Synthetic biology approaches to engineering plant form
University of Cambridge, UK
Synthetic Biology is an emerging field that employs engineering principles for constructing genetic systems. The approach is based on the use of well characterised and reusable components, and numerical models for the design of biological circuits. In microbial systems, this has proved a more robust way to construct novel regulatory networks, including synthetic oscillators, switches, logic gates, intercellular signaling systems and metabolic networks, and shows great potential for the engineering of multicellular systems. It is feasible to consider creating new tissues or organs with specialised biosynthetic or storage functions by remodelling the distribution of existing cell types. Plants, with their indeterminate and modular body plans, wide spectrum of biosynthetic activities, ease of genetic manipulation, and wide use as crop systems, make ideal targets. Our laboratory uses a combination of genetic and microscopy techniques in concert with advanced 3D computer visualisation and biological modelling methods for engineering plant development.
Haseloff lab & www.synbio.org.uk
Synthetic Biology approaches also show great potential for the engineering of multicellular systems. (1) The greatest diversity of cell types and biochemical specialisation is found in multicellular systems, (2) the molecular basis of cell fate determination is increasingly well understood, and (3) it is feasible to consider creating new tissues or organs with specialized biosynthetic or storage functions by remodelling the distribution of existing cell types. Of all multicellular systems, plants are the obvious first target for this type of approach. Plants possess indeterminate and modular body plans, have a wide spectrum of biosynthetic activities, can be genetically manipulated, and are widely used in crop systems for production of biomass, food, polymers, drugs and fuels.
Current GM crops generally possess new traits conferred by single genes, and expression results in the production of a new metabolic or regulatory activity within the context of normal development. However, cultivated plant varieties often have enlarged flowers, fruit organs or seed, and are morphologically very different from their wild-type ancestors. Recent genetic studies have provided detail of the molecular processes underlying plant development. The next generation of transgenic crops will contain small gene networks that confer self-organizing properties, and the ability to reshape patterns of plant metabolism and growth. The ability to assemble new feedback regulated genetic circuits and developmental regulators in planta will allow the engineering of stable new patterns of gene activity, and targeted reprogramming of the number and arrangement of cell types in natural organ systems. Misregulation of key transcription regulators can promote or repress the formation of particular cell types, and coordinated misexpression can result in the ectopic conversion of cell fates. This would provide a means to modify plant form and biosynthetic activities, with the ultimate prospect of producing neomorphic structures suited to bioproduction.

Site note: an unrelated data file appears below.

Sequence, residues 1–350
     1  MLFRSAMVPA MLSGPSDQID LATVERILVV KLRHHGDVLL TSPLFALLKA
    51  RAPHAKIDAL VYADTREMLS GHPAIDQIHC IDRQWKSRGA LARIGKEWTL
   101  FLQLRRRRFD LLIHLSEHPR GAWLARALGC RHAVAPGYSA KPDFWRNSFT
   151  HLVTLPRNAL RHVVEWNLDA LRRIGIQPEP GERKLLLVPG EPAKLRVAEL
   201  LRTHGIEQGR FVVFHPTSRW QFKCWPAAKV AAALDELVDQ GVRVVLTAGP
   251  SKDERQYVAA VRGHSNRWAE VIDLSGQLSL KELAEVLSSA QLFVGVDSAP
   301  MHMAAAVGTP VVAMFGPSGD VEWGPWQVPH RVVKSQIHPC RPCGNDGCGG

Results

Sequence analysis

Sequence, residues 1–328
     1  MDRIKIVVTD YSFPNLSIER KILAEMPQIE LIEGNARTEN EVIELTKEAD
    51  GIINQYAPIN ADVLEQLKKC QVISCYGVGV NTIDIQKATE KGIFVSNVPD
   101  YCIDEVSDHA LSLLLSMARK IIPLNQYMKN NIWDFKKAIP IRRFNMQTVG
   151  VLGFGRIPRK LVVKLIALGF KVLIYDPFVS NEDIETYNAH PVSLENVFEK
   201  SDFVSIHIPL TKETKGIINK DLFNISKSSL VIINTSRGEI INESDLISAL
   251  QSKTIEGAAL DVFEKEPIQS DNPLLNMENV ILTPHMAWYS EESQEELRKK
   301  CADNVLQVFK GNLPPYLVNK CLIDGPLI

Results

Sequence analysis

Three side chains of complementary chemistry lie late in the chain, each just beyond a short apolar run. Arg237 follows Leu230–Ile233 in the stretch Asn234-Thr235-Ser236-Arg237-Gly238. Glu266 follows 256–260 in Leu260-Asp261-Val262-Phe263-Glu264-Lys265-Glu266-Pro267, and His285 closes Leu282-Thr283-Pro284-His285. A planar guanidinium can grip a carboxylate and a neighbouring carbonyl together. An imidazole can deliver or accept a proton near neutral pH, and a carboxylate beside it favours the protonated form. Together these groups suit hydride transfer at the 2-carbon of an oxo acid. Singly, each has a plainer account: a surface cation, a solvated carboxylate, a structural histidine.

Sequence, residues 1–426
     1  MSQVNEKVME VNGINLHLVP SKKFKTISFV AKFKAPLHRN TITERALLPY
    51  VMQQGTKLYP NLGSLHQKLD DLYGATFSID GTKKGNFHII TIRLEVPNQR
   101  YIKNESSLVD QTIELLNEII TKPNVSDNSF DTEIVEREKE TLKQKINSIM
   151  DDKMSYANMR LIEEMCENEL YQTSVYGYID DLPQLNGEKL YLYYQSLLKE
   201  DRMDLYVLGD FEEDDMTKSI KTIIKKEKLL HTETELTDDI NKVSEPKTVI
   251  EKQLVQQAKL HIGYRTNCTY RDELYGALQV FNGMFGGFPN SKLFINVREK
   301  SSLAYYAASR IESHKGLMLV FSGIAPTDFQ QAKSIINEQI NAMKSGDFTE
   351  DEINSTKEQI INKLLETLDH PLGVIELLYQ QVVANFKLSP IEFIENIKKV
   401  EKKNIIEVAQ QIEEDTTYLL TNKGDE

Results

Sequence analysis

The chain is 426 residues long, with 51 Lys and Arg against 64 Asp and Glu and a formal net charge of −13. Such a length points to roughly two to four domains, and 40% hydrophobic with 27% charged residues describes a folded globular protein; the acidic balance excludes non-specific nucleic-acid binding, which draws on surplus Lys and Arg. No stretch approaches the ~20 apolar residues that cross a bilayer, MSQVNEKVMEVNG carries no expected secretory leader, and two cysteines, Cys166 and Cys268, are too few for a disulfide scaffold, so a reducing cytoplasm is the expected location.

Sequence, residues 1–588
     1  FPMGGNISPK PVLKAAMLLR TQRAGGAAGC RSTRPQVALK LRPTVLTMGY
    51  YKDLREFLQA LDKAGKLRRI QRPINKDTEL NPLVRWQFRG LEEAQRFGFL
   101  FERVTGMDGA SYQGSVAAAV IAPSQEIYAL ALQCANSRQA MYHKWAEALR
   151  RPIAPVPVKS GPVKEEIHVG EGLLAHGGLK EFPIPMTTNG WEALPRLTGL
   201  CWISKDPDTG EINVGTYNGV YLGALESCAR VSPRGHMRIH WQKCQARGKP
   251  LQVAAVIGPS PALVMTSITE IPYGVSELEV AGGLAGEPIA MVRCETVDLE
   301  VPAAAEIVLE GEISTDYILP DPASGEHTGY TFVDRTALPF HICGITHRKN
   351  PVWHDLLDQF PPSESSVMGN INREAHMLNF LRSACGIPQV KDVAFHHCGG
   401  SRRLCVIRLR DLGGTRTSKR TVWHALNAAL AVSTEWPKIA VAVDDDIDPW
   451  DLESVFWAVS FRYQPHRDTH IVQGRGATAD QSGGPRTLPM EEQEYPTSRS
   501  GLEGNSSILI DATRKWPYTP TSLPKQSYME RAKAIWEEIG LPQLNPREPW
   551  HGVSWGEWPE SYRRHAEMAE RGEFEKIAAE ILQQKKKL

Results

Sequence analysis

We are constructing a library of interchangeable DNA parts that can be used to build genetic circuits with self-organising properties. These are being implemented in simple microbial and plant systems. In addition, we have constructed a software environment for numerical description of multicellular behaviour (CellModeller), which provides a model for the physical basis of microbial or plant cell growth and interaction within a multicellular tissue or population. Genetic and biophysical models can be described and modelled using finite element analysis methods to allow the design and testing of new morphogenetic programs in silico.
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